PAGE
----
Scientific Research

Surface-activated ALD for wafer bonding beyond silicon

Recently, a promising technique called surface-activated bonding (SAB) has been developed for bonding Al2O3 thin films deposited using atomic layer deposition (ALD) at room temperature, without the need for heating. It was reported by the group of Ryo Takigawa from Kyushu University, Japan. It was published in Nature Scientific Reports, March 3, 2023.

When two flat and smooth surfaces are brought together, they can stick spontaneously. This process is often found when two silicon wafers are brought together, and called wafer bonding or direct bonding.

This video shows a typical wafer bonding process. When a glass substrate is placed on a silicon wafer, they can bond spontaneously. The bond front progresses as interface energy is reduced and air is pushed out. However, for hermetic sealing, this initial process is followed by a high temperature fusing step. In the case of the ALD bonding discussed here, the fusing step is not needed!

Typical wafer bonding of a glass wafer onto a silicon wafer


The ALD bonding technique is particularly useful in the semiconductor industry, where heating can cause thermal stress and degrade bond alignment accuracy. 

surface-activated bonding (SAB) involves using an argon fast atom beam (FAB) to remove organic contaminants and the native oxide layer from the wafer surfaces. The activated wafer surfaces are then brought into contact at room temperature, creating a strong bond. 

While researchers have studied the SAB of single-crystal Al2O3 and Al2O3 deposited by mist CVD and hydrophilic bonding, the SAB of ALD Al2O3 thin films on Si thermal oxide wafers has shown the most promise due to ALD's precise growth, atomic-scale thickness control, and good uniformity on large-scale wafers. 

The bonded wafers were diced into dimensions of 0.5 mm x 0.5 mm, and the surface energy was estimated to be approximately 1.5 J/m2, indicative of strong bonds.


Surface-activated ALD for wafer bonding beyond silicon

Image of the diced 0.5 mm × 0.5 mm chips, showing dicing without debonding. From Takakura, R., Murakami, S., Watanabe, K. et al. Room-temperature bonding of Al2O3 thin films deposited using atomic layer deposition. Sci Rep 13, 3581 (2023). link


SOI (Silicon-On-Insulator) wafers

SOI (Silicon-On-Insulator) wafers are widely used in the semiconductor industry for making electronic devices like microprocessors, memory chips, power devices, and high-frequency devices like amplifiers and filters.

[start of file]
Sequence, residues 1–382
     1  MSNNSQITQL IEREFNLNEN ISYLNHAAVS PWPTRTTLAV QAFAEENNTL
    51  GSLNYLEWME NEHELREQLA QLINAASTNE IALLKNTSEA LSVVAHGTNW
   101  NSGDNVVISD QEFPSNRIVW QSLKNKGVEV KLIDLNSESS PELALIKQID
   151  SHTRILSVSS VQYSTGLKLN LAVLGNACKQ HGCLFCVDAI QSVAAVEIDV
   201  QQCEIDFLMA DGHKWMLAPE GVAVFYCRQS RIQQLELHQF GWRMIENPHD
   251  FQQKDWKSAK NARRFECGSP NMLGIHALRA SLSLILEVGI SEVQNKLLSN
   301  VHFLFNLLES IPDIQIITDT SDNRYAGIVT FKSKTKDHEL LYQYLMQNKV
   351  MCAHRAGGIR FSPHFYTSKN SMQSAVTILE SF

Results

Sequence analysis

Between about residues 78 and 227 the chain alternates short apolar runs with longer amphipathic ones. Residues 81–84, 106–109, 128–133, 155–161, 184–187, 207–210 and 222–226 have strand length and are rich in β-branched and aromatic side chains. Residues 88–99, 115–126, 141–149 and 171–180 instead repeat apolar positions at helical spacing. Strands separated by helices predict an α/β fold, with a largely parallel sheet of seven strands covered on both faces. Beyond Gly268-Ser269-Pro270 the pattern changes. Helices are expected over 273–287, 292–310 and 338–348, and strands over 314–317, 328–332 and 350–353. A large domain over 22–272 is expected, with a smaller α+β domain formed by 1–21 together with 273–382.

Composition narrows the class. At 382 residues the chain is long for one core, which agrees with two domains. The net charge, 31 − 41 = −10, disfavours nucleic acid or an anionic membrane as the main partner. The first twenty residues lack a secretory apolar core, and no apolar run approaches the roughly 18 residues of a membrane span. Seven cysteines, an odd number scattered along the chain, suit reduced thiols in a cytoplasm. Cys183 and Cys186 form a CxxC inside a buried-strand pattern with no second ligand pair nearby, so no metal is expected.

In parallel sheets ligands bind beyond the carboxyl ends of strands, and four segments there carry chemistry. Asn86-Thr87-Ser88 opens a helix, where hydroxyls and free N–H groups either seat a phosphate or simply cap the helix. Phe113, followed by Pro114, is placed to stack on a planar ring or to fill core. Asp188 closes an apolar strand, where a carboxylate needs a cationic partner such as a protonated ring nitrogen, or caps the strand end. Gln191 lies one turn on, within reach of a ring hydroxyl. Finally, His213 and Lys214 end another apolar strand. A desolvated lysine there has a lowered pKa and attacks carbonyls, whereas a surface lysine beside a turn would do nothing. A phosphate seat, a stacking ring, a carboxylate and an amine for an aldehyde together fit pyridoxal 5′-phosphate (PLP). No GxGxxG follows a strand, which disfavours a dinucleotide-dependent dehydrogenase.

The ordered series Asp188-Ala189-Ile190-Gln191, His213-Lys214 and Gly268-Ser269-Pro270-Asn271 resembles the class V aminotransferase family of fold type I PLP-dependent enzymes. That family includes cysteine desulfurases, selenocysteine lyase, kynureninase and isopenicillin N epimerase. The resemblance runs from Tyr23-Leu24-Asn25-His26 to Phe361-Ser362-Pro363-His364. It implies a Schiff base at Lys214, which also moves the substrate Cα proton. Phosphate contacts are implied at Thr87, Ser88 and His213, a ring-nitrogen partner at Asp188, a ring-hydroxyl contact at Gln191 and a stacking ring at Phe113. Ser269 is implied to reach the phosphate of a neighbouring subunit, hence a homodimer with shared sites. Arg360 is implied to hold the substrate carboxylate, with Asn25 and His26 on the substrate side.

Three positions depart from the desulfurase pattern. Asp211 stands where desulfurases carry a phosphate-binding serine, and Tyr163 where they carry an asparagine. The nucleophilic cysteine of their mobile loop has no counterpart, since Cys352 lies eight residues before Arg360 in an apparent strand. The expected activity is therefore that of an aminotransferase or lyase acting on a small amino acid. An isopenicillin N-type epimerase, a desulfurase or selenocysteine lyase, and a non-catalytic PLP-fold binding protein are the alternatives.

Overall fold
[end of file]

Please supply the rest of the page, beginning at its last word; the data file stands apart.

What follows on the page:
These wafers are particularly useful because they are better at reducing unwanted effects in electronic devices, like capacitance, which slows them down, and leakage current, which wastes power. They are ideal for making devices that need to be fast and energy-efficient, such as computers, phones, and other electronic gadgets we use daily. 

Companies that produce SOI wafers include Soitec, Shin-Etsu Handotai, GlobalWafers, SUMCO, and WaferPro.

Other applications of wafer bonding can be found in stacking and packaging of computer chips. An interesting video about how stacking is essential to bringing memory and processors closer together can be found here


The room-temperature bonding of insulating materials is a significant breakthrough in the semiconductor industry, paving the way for future room-temperature heterogeneous integration and wafer-level packaging. This development can significantly impact the optoelectronics, MEMS, RF, and CMOS device fields because this new room-temperature bonding technique allows bonding and hermetic sealing of materials that don’t grow native oxides (like SiO2 on a silicon wafer), such as GaAs, GaN, and other types of substrates.

You can check more about the research in their original paper.

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The ALD Bond video:


Takakura, R., Murakami, S., Watanabe, K. et al. Room-temperature bonding of Al2O3 thin films deposited using atomic layer deposition. Sci Rep 13, 3581 (2023). link

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